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Transnational research projects to accelerate diagnosis and/or explore disease progression and mechanisms of rare diseases (EJP Rare Diseases)

Funding programme
Submission deadline
Funded by
BMBF and other funding organisations


  • A gene is a hereditary unit which has effects on the traits and thus on the phenotype of an organism. Part on the DNA which contains genetic information for the synthesis of a protein or functional RNA (e.g. tRNA).
  • Being lytic is the feature of a bacteriophage leading to the destruction (lysis) of the host cell upon infection.
  • Physiology is the study of the biochemical and physical processes in cells, tissues and organs of creatures.
  • A protein domain is a conserved, structurally well-defined sequence in a polypetide chain. It has a unique folding an therefore a specific function. Proteins often have several of these damains and as a whole they determine the function of the protein.

There are at least 7000 distinct rare diseases, the great majority being of genetic origin. Although individually rare, taken together rare diseases affect at least 26-30 million people in Europe. Moreover, they represent a major issue in health care: a large number of these diseases have an early or very early onset and/or lead to a significant decrease of life expectancy. Moreover, most of them cause chronic illnesses with a large impact on quality of life and the health care system.

The specificities of rare diseases - limited number of patients per disease, scarcity of relevant knowledge and expertise, and fragmentation of research - single them out as a distinctive domain of very high European added-value. Rare diseases are therefore a prime example of a research area that necessitates collaboration/coordination on a transnational scale.

In this context, the ERA-Net E-Rare has successfully implemented ten Joint Transnational Calls for rare disease research projects since 2006. This effort is now continued in the frame of the European Joint Programme on Rare Diseases (EJP RD) that has been established to further help in coordinating the research efforts of European, Associated and non-European countries in the field of rare diseases and implement the objectives of the International Rare Disease Research Consortium (IRDiRC).

The aim of the call is to enable scientists in different countries to build an effective collaboration on a common interdisciplinary research project based on complementarities and sharing of expertise, with a clear benefit for patients.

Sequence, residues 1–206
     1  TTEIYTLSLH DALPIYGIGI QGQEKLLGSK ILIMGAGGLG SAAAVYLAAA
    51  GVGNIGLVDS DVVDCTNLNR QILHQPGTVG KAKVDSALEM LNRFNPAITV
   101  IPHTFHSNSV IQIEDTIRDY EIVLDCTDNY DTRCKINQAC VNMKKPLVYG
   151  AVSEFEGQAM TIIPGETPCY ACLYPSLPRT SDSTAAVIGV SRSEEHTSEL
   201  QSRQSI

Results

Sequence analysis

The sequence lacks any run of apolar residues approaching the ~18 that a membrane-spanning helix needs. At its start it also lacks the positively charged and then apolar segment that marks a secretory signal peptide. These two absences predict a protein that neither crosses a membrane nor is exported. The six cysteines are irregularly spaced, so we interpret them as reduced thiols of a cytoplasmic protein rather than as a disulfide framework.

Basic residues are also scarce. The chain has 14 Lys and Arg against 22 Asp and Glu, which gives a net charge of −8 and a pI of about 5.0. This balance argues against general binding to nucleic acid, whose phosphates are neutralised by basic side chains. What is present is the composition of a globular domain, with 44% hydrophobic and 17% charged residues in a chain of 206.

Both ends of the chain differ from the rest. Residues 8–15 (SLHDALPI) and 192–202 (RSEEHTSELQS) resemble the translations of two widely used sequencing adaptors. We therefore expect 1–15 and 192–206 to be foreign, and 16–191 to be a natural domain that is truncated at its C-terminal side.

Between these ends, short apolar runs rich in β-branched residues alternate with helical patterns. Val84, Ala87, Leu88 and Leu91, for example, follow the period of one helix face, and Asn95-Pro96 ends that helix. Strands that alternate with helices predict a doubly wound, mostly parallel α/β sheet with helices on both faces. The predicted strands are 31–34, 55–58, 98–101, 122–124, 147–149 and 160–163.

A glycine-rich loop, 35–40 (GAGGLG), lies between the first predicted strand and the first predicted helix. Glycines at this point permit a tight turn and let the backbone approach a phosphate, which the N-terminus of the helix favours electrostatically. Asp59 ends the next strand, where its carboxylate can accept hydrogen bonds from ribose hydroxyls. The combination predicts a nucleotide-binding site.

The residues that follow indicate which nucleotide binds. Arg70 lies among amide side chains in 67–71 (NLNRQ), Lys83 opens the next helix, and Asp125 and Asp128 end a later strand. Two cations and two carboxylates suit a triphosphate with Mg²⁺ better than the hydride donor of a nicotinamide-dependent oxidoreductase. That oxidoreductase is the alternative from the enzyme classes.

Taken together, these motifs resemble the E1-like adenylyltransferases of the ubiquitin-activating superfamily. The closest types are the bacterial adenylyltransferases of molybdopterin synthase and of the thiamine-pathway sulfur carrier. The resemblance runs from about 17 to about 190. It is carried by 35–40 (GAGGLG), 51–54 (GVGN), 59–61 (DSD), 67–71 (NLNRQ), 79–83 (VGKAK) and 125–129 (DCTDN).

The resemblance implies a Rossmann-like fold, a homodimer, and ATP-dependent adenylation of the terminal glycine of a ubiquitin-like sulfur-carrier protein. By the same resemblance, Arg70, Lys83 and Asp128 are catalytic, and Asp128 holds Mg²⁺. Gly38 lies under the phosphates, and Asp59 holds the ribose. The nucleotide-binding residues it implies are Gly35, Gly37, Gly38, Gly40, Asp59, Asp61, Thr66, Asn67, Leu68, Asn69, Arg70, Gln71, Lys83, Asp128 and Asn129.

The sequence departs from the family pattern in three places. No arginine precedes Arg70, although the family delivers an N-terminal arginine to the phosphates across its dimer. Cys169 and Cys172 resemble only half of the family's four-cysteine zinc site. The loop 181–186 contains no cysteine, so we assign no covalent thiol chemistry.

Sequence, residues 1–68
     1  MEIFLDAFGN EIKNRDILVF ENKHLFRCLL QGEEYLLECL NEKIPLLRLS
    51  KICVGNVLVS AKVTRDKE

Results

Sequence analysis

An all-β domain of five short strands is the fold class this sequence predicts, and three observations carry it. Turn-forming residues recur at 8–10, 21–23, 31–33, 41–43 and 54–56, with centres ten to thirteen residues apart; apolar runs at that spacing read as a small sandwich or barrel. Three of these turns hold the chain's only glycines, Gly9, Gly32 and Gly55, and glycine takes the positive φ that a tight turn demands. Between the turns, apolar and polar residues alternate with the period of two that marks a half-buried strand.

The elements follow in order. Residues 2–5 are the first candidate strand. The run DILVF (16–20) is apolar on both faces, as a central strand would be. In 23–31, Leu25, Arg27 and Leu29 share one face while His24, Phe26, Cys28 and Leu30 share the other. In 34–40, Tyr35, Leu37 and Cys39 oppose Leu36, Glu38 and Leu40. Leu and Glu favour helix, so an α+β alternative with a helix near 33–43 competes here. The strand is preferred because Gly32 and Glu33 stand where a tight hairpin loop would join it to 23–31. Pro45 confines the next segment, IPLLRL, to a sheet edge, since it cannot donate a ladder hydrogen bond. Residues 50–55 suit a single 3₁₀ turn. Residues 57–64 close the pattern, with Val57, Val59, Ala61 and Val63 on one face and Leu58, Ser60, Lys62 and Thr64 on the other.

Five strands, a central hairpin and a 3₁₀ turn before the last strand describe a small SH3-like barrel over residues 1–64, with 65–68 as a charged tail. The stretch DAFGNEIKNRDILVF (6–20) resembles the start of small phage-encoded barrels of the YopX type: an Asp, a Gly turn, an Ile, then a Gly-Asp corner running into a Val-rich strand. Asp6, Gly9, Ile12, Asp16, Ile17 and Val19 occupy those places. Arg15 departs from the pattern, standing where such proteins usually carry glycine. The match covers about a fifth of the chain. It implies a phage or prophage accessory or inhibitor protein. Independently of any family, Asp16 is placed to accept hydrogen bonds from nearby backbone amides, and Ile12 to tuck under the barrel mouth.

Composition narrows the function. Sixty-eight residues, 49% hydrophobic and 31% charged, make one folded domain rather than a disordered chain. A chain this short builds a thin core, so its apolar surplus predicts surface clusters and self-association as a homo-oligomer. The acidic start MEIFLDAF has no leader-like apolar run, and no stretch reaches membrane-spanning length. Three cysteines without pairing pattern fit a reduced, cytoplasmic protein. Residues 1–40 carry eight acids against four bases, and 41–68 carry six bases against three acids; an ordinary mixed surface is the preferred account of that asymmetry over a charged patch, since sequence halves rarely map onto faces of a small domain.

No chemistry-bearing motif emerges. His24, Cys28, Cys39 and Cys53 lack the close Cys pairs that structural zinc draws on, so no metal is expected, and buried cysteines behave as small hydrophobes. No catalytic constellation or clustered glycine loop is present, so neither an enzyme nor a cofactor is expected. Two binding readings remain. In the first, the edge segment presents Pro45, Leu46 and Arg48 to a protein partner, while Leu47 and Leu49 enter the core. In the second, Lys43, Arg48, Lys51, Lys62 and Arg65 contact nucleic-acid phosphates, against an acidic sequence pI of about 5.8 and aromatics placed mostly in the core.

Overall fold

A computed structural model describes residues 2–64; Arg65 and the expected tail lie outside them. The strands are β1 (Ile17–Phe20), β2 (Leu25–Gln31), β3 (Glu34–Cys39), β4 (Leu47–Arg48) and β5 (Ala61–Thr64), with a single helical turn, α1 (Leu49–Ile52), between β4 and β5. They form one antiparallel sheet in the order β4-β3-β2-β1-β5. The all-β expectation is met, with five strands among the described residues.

Topic: Research projects to accelerate diagnosis and/or explore disease progression and mechanisms of rare diseases.

Transnational research proposals must cover at least one of the following areas, which are equal in relevance for this call:

a. Research to accelerate diagnosis, e.g.:

  • New schemes for finding diagnosis for undiagnosed patients;
  • Improved annotation and interpretation of variants and development of diagnostic tests for the more prevalent variants;
  • Novel modalities of functional analysis of candidate variants through in vitro, cell, tissue or animal studies.
  • -omic or multi-omic integrated approaches for discovery of disease causes and mechanisms including development of relevant bioinformatic tools;

b. Research to explore disease progression and mechanisms, e.g.:

  • Natural history studies and patient registries (also for clinical trial readiness). Whenever possible these should include development and use of patient reported outcome measures. In addition, the exploration of the use of standardized M-Health-based surveillance instruments and of patient entered data to gather information for natural history studies is welcome;
  • Identification of clinical biomarkers, clinical outcome measures and surrogate endpoints;
  • Identification of novel pathophysiological pathways in appropriate disease models that effectively mimic the human condition.

Projects shall involve a group of rare diseases or a single rare disease following the European definition i.e. a disease affecting not more than five in 10.000 persons in the European Community, EC associated states and Canada.

The research projects submitted within this call must be based on novel ideas stemming from consolidated previous results or preliminary data and must be clearly endowed with benefit for the patients, i.e. studies allowing a rapid implementation into public health-related decisions or into the clinics.

Joint research proposals may be submitted by partners belonging to one of the following categories (according to country/regional regulations):

  • academia (research teams working in universities, other higher education institutions or research institutes)
  • clinical/public health sector (research teams working in hospitals/public health and/or other health care settings and health organisations)
  • enterprise (all sizes of private companies). Participation of small and medium- size enterprises (SMEs) is encouraged when allowed by national/regional regulations
  • patient advocacy organisations (PAOs - see more information below and refer to the INSERM contact point)

There will be a two-stage submission procedure for joint applications: pre-proposals and then full proposals. In both cases, one joint proposal document (in English) shall be prepared by the partners of a joint transnational proposal, and must be submitted to the JCS by uploading it on the electronic submission system by the coordinator.

Joint pre-proposals (in English) must be received by the JCS in an electronic version no later than February 15, 2019 at 05 p.m. Central European Time (CET).

Website address: https://www.gesundheitsindustrie-bw.de/en/database/funding/transnational-research-projects-to-accelerate-diagnosis-andor-explore-disease-progression-and-mechanisms-of-rare-diseases-ejp-ra/